The Suite Spot is a fireside chat about all topics IT and OT. We will attempt to bring clarity to the business value of traditionally tech topics. We remove the fog of acronym war and deliver to you the value you need to make these complex technologies work for your business.
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Carlos Vargas, host of The Suite Spot, was joined with co-hosts Howard Holton and Paul Lewis in a discussion on the possibilities of AI. Is the world ready for AI to capture and become the human experience? Not yet, and neither is the technology. It’s the romanticized, big-screen perspective of AI that many visualize. But AI is instrumental in so many aspects of human life, just not to that degree.
Paul said, “The conversation of synthetic humans is far away. It’s because data science can’t be applied to people. They are messy. They are individuals. People are unpredictable and have free will. At this point, data science will stick to objects that are engineered to provide data.”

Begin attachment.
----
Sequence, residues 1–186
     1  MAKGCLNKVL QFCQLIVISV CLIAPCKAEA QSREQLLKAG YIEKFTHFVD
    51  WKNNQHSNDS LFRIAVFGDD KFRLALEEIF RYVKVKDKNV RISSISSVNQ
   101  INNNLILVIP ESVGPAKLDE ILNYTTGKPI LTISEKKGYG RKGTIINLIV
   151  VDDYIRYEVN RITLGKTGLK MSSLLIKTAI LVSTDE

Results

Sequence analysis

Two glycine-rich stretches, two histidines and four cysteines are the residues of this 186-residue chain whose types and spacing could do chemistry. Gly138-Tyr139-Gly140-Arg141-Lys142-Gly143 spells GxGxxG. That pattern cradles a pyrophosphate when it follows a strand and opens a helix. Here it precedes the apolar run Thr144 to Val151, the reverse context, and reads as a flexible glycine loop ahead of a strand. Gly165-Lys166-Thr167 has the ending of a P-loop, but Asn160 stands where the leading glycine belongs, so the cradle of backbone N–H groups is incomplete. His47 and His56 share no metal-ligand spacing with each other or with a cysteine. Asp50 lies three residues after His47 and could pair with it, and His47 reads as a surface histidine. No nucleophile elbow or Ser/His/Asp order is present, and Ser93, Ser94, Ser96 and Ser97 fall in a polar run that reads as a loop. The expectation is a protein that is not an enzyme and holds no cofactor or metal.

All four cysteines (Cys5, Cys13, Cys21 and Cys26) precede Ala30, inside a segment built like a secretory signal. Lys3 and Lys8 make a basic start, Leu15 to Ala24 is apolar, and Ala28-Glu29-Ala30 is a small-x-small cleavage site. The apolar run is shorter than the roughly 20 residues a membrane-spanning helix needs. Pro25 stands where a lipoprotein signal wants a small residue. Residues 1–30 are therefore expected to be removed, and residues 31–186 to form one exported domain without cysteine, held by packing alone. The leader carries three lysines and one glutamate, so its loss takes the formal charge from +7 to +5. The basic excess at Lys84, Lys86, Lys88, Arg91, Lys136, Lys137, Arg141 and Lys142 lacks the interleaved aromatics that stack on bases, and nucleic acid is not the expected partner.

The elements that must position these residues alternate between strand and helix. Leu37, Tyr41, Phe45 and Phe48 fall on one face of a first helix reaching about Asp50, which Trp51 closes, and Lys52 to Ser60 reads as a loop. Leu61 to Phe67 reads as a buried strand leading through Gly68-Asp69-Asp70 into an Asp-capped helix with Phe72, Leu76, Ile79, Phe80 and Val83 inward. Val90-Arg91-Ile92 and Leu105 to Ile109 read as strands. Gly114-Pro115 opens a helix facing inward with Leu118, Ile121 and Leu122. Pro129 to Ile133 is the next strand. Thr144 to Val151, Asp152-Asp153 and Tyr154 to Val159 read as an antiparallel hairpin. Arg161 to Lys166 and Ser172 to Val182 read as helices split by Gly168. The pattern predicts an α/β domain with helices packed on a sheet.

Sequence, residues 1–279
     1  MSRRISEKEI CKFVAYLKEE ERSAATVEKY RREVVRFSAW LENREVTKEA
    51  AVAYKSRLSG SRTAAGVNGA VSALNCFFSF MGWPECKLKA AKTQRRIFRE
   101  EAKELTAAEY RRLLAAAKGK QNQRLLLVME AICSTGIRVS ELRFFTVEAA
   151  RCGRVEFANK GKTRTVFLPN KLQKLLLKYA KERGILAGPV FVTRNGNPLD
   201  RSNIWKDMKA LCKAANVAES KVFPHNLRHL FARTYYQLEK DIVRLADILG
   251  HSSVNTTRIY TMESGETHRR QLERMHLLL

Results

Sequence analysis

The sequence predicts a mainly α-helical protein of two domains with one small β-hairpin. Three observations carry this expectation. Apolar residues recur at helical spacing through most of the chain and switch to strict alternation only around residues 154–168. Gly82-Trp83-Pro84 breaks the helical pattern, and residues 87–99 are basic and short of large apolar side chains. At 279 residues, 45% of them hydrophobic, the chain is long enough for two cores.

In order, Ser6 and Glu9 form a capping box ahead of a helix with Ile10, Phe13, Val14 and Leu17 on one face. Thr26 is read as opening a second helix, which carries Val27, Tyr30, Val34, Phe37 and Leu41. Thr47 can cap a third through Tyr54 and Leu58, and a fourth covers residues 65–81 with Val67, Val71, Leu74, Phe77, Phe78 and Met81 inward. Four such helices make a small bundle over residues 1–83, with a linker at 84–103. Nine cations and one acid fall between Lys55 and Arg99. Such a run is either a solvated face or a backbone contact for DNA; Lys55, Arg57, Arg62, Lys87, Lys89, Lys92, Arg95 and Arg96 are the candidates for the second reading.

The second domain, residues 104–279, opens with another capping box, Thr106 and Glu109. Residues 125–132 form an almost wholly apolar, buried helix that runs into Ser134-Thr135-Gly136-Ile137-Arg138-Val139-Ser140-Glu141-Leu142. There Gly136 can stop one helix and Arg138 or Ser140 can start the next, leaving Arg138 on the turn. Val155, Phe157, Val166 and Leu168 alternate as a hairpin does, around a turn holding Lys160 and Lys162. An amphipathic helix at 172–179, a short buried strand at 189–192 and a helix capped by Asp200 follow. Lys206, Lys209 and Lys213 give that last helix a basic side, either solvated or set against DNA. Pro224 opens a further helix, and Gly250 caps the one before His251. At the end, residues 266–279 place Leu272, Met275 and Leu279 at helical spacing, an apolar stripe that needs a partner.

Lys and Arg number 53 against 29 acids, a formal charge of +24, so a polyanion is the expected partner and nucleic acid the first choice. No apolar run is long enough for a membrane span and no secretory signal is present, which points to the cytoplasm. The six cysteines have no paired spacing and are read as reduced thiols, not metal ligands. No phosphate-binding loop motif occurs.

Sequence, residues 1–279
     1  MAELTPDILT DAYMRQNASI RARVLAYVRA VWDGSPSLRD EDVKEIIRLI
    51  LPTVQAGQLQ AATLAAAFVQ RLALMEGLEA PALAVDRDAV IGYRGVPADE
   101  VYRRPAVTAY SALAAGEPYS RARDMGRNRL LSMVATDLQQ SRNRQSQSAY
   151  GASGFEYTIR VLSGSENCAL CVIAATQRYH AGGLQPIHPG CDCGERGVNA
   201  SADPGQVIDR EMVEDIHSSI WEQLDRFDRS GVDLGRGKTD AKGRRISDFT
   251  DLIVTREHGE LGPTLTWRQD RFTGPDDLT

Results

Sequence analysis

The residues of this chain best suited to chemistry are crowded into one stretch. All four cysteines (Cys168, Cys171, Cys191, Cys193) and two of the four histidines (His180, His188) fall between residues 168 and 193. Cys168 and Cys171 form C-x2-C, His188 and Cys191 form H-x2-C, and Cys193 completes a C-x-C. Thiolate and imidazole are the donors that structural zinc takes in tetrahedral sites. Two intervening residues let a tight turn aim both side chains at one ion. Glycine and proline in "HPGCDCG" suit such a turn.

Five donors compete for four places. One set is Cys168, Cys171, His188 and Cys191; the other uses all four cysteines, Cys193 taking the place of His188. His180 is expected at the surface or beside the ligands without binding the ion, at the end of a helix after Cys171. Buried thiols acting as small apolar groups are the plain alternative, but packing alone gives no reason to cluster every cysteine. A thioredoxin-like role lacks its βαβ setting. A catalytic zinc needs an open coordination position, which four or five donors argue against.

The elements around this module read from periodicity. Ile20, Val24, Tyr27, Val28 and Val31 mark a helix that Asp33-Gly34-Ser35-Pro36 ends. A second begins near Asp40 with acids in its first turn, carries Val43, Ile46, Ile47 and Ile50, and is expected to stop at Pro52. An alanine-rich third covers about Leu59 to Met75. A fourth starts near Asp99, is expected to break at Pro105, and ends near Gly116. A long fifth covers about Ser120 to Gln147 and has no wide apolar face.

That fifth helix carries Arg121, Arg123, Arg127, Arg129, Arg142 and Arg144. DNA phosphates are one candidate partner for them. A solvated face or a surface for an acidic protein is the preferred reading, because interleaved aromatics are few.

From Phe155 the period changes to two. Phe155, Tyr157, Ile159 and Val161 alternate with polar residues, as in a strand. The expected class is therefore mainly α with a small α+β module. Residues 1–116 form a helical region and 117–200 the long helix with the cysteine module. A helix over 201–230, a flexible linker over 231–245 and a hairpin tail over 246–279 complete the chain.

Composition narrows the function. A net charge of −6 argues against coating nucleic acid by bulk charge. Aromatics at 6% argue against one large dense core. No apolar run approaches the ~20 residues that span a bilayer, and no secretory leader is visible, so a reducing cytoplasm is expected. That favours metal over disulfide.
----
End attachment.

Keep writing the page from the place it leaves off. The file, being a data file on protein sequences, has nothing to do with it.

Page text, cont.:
Is AI’s impact on human behavior viable? It would require lots of data and computing power. But what about what AI can do now as it interacts with humans?
Howard argued, “Yes, you’re correct that AI can’t know 100% of the time how a human is going to react. But that’s not really the goal of AI. Right now, with the right data and algorithms, you can target an audience to capture about 80%. AI has first to understand people before it can recreate them.”
The discussion of AI and its impact on humans might be around the replaceability of humans in a scenario like driverless cars.
Howard said, “Automated cars will be better drivers than people in 5 years, but humans won’t be comfortable with automated cars for 15 years. The car has to be autonomous by itself. It can feed data back on how to make the care better at its job. The decision-making process should be self-contained. The human problem is that we think we’re better decision-makers, but we’re not.”
If AI can replace drivers, what other roles are possible. Could AI be a better lawyer? Howard commented, “Most lawyers never appear in court. A computer is good at many things attorneys do, but it can’t argue in front of a jury. An empathetic reaction isn’t possible. AI on a computer could listen to what happens in court and recommend arguments.”
Paul added, “This is more augmented and assisted AI, which is what we’re seeing now.